Supreme Court on 31-10-2022 decided to impose a ban on the two-finger test, which is at times performed on survivors of rape and sexual assault. The apex court also warned that anyone performing this test will be held guilty of misconduct.

A Supreme Court bench comprising Justices DY Chandrachud and Hima Kohli said that it is regrettable that the two-finger test is still performed on rape victims. The call to ban the test was made during a hearing to restore the conviction in a rape case.

The apex court bench said, "This court has time and again deprecated the use of two finger test in cases alleging rape or sexual assault. The so-called test has no scientific basis and is an invasive method of examining rape survivors.”

While reading the judgment, Justice Chandrachud further added, “It instead re-victimises and re-traumatises women. The two-finger test must not be conducted.” He also noted the patriarchal connotation associated with the test.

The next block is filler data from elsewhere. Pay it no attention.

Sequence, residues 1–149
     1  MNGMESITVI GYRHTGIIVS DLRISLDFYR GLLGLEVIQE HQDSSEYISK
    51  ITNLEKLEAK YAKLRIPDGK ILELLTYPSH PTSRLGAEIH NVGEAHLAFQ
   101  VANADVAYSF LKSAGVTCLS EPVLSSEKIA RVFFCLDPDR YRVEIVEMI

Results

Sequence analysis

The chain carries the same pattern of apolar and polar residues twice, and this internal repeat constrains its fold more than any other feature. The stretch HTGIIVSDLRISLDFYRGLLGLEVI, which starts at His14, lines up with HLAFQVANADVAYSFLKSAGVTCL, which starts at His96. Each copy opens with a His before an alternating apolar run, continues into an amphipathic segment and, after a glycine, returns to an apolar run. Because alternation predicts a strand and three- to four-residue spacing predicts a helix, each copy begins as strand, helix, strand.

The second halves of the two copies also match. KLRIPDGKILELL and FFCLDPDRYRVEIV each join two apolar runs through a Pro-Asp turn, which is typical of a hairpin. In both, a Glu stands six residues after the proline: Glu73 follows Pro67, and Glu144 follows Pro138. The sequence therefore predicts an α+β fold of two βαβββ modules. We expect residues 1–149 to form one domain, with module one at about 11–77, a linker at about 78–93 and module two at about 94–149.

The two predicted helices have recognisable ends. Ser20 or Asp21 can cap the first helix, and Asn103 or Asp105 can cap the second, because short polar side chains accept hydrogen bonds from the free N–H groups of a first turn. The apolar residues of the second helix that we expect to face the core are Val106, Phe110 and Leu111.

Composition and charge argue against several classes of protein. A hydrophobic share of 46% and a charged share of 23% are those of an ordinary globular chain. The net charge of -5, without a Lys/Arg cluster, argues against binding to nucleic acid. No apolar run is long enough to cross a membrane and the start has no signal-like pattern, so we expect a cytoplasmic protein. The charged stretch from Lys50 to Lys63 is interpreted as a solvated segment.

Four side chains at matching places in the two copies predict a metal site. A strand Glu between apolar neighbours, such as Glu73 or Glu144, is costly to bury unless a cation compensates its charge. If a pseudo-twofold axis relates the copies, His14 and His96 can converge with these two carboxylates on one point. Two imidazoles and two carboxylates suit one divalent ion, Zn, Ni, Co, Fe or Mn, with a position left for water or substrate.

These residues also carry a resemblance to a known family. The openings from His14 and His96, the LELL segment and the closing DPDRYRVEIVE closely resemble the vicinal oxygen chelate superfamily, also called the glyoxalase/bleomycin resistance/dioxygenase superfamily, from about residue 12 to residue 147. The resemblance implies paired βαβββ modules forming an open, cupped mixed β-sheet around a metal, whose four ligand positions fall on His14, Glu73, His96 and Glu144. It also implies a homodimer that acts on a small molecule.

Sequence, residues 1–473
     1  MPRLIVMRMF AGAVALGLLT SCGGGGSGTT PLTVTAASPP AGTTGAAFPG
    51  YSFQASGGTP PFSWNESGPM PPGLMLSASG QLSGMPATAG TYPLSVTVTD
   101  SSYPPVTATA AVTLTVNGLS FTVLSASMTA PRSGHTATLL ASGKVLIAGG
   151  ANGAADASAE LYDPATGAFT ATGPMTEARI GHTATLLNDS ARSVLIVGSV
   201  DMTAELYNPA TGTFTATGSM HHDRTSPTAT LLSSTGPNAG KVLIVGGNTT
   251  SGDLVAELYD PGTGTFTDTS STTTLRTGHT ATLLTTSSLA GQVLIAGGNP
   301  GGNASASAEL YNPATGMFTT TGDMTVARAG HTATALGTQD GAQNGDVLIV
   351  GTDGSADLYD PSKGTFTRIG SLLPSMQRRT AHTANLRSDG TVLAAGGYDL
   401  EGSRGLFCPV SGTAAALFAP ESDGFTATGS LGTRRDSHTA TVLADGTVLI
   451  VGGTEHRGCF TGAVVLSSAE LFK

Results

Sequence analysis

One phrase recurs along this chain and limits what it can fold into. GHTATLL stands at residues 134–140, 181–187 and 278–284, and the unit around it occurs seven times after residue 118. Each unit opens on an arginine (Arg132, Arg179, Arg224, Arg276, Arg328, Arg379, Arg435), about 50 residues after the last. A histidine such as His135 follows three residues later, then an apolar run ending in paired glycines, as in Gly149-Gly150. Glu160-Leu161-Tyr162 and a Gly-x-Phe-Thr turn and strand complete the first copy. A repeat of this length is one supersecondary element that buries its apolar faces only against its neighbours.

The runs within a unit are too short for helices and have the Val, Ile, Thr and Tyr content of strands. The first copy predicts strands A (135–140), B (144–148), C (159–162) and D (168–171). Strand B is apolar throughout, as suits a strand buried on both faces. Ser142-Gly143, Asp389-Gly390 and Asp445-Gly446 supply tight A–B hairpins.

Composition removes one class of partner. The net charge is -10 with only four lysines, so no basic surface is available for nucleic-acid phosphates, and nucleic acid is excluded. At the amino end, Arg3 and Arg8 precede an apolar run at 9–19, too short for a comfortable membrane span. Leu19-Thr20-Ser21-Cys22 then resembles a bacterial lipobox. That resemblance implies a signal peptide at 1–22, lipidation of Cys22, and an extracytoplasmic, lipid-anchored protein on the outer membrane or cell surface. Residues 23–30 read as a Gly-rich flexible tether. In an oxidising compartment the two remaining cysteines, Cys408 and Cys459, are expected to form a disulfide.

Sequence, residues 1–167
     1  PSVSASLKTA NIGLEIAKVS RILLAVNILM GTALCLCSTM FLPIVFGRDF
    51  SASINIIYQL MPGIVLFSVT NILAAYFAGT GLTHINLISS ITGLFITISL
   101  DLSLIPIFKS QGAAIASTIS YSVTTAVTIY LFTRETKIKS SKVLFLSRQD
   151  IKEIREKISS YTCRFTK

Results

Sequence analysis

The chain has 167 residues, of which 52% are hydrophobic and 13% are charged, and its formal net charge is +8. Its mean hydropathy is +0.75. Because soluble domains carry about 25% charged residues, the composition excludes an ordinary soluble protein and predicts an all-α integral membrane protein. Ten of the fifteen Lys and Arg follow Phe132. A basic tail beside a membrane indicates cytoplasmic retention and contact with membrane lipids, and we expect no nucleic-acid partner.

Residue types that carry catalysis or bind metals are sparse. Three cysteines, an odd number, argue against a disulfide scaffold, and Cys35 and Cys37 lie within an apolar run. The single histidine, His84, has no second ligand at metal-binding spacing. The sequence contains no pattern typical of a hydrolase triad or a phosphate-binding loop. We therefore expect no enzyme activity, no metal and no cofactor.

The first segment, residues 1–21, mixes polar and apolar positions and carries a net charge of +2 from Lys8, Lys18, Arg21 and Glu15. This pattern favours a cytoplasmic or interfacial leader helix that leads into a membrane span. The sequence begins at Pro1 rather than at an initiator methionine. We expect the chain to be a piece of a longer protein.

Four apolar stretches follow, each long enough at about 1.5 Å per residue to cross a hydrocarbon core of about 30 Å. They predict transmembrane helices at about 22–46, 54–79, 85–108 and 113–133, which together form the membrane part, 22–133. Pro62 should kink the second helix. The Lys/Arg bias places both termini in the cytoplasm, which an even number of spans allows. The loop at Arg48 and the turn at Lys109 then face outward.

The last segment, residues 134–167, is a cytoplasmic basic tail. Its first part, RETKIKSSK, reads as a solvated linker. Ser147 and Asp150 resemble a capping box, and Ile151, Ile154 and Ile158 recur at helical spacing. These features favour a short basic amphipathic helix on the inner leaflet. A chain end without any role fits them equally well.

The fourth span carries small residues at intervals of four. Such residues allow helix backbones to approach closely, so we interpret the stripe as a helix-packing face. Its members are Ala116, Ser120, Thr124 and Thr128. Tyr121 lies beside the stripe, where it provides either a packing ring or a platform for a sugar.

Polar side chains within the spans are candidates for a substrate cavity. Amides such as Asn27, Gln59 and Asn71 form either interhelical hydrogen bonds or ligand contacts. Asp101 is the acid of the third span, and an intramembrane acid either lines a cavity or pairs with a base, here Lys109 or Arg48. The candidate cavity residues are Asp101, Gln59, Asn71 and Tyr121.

The two-finger test was banned by the Supreme Court today as “it is based on an incorrect assumption that a sexually active woman cannot be raped. Nothing can be further from the truth.” The court also said that it promotes the notion that the woman with the rape allegation cannot be believed simply because she is sexually active.

What is a two-finger test, performed on rape survivors?

The two-finger test is also often called the virginity test and is aimed at checking the laxity of the vaginal muscles of a woman, primarily to check if she is sexually active or not. This test is has been performed on rape survivors to “confirm” their allegations.

The two-finger test is performed by a doctor, who inserts two fingers into the vaginal canal of the rape survivor to check the laxity of her muscles and determine if she has been sexually active or not. This test is also done to check if the woman’s hymen is intact.

This test was mostly practiced in Bangladesh, Pakistan, and India before it got banned by the governments, though some authorities still maintained its validity before the Supreme Court orders.